Should UK farmers be concerned?
African Swine Fever (ASF) is something that we’re hearing more and more about across Europe. It’s a viral disease that can affect both domestic pigs and wild boars, with an extremely high mortality rate for the most virulent strains.
According to the World Organisation for Animal Health (WOAH), this disease is responsible for huge losses in pig populations and can have drastic economic consequences. It has led to crisis in the pork industry – and has had a detrimental impact on biodiversity due to its effects on wild boar populations. But, with no known cases of ASF on our shores, should British farmers be worried?
Where did African Swine Fever originate?
As the name suggests, ASF was first encountered in Africa. The first known recorded cases relate to domestic pigs in Kenya, in 1921. Although the virus could be contracted and carried by African members of the Suidae family, such as warthogs, those animals were unaffected. They did, however, spread the virus to domestic pigs.
The first recorded outbreak of ASF in Europe happened in Portugal in 1957; it is widely believed that the outbreak was caused by an infected pig originating from Angola. While this first outbreak was brought under control, a second outbreak spread from Portugal to nearby Spain, and then France.
According to the US Department of Agriculture, ASF remained in Europe until 1995 – only to be then re-introduced in 2007 through Georgia, quickly spreading to several more countries. By 2014, African Swine Fever was detected in Lithuania, marking its arrival in the European Union (EU), and has since spread to yet more EU countries.
The reason that it’s now a cause for concern for British farmers is that the spread of the disease appears to be escalating. A growing number of countries are reporting their first cases, more new regions are reporting their first instances of African Swine Fever and cases are popping up amongst our closest European neighbours.
Our complete guide to African Swine Fever includes an in-depth analysis of the diseases spread. Get your copy here.
What’s the current situation?
The latest data from the Department for Environment, Food & Rural Affairs (Defra) and the Animal and Plant Health Agency (APHA) confirms the presence of African Swine Fever in the following European countries:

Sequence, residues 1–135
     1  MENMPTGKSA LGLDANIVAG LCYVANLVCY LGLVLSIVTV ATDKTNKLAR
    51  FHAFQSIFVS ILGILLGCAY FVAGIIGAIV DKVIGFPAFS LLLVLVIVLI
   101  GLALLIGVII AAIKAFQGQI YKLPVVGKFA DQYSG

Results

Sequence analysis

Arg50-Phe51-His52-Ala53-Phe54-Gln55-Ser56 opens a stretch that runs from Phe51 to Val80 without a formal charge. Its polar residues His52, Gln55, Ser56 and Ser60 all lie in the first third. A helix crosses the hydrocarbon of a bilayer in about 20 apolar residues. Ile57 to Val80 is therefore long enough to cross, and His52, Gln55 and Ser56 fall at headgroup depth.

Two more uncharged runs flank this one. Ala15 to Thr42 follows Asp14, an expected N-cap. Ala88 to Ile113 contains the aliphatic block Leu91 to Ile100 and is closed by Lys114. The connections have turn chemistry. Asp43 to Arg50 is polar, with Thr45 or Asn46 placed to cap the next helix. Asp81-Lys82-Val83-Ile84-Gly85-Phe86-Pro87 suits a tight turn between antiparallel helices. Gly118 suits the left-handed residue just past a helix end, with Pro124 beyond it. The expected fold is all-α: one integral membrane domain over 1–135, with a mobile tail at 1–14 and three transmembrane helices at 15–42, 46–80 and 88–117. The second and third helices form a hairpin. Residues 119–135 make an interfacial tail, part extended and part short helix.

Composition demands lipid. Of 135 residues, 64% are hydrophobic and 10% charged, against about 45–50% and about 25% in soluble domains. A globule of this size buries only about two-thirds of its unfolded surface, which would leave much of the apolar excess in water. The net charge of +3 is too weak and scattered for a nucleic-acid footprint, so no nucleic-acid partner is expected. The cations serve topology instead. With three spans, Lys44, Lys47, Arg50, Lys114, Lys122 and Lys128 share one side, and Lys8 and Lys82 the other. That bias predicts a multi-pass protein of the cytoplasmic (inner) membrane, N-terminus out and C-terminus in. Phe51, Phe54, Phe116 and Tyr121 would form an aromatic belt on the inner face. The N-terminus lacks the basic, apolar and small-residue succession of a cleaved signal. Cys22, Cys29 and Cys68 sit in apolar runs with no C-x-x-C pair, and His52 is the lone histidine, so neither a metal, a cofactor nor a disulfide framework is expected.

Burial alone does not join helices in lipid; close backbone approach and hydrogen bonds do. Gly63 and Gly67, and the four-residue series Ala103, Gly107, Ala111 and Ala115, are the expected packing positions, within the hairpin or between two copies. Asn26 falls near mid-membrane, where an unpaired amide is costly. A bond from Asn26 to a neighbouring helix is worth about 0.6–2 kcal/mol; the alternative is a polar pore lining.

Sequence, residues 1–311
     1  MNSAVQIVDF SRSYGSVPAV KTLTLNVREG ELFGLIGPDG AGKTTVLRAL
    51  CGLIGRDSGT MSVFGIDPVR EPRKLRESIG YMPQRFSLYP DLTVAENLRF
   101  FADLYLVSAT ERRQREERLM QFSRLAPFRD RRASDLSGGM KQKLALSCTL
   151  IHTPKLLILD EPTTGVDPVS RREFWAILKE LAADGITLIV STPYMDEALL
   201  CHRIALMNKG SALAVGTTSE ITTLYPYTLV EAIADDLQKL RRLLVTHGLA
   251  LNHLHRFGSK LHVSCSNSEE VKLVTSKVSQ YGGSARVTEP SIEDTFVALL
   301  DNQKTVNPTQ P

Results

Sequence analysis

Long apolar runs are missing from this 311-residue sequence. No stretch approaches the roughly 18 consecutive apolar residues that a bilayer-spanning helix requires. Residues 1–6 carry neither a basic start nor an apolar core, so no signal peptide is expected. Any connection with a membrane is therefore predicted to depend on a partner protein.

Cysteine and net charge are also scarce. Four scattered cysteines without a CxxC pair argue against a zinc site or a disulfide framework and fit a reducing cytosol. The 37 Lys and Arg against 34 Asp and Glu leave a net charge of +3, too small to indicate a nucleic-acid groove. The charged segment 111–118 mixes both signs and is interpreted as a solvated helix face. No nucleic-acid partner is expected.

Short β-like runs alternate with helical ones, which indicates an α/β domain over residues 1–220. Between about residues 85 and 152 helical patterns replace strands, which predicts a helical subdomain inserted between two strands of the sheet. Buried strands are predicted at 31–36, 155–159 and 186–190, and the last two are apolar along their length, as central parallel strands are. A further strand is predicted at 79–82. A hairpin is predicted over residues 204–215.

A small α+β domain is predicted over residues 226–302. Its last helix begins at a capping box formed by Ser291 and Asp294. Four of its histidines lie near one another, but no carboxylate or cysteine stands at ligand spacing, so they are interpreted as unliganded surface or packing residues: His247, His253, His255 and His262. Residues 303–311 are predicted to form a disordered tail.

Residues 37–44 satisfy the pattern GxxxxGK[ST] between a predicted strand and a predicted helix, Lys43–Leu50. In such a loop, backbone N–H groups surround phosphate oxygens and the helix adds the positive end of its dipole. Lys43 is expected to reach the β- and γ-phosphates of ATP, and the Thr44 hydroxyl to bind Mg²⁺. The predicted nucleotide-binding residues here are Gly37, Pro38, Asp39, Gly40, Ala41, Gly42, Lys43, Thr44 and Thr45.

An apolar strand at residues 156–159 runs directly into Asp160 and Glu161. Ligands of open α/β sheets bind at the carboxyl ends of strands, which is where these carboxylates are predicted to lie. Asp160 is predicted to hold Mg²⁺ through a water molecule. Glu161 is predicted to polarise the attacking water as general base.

- North Macedonia
Other countries with recorded cases of swine fever include Cambodia; China; Hong Kong; Korea; Laos; Malaysia; Thailand; Vietnam; the Dominican Republic; Haiti; and various African countries, with recent outbreaks also occurring in South Africa.
As of November 2022, African Swine Fever is not present in the United Kingdom – but this doesn’t mean the country is safe. The British Meat Processors Association (BMPA) recently expressed concern that a lack of border checks on food products arriving into the UK leaves British farmers vulnerable to the disease being imported.
It’s more important than ever that farmers are prepared for an outbreak, as no vaccine currently exists for ASF.
What are the clinical signs of African Swine Fever?
There are four main symptoms of the disease:
- Lack of energy
- A loss of appetite
- Sudden death, often with few or no warning signs
Other symptoms can also indicate the presence of African Swine Fever, according to the Department for Environment, Food and Rural Affairs. These signs may also indicate other diseases and include:
- Patches of red or dark skin, concentrated on the snout and ears
- Discharge from the eyes and nose
- Coughing and difficulty breathing
The main cause of infection is contact with other infected animals, but it can also be spread via tick bites, infected meat products being added to pig feed and contact with anything previously exposed to the virus, such as vehicles or farm equipment.
How can farmers prepare for African Swine Fever and mitigate against swine fever on their farms?
The fact Great Britain is an island nation may lead to complacency, but a natural barrier is not necessarily enough to keep African Swine Fever out and livestock safe. The case of Sardinia is a striking example: despite being an island, its farmers found themselves dealing with swine fever in 1978 – a full fifteen years before the disease was first reported on mainland Italy.
African Swine Fever is a notifiable animal disease. This means that if you suspect there may be an outbreak of the disease among your livestock, you must immediately report it; neglecting to do so is an offence.
Maintaining the highest standards of biosecurity is key to protecting against the incursion of any disease onto your farm and amongst your livestock.
Our guide to African Swine Fever provides more information on applicable measures. Get your copy here.
Elevated hygiene and cleansing practises are also advisable, with access control to restrict movements on farm, cleaning of all vehicles, equipment and clothing and the use of disinfection measures before entering pig housing, upon exiting housing and after stock rotations.
In addition to bespoke biosecurity solutions including consultations, audits, mapping and contingency planning, Livetec’s unique biosecurity management software, Farm Health Guardian (FHG) can help farmers to better defend their livestock and livelihoods against the threat posed by African Swine Fever.
Created to replace inefficient paper-based systems and enhance disease prevention measures, Farm Health Guardian can be deployed across farms of any size and managed from any handheld device.
For more information about African Swine Fever, by downloading our complete guide.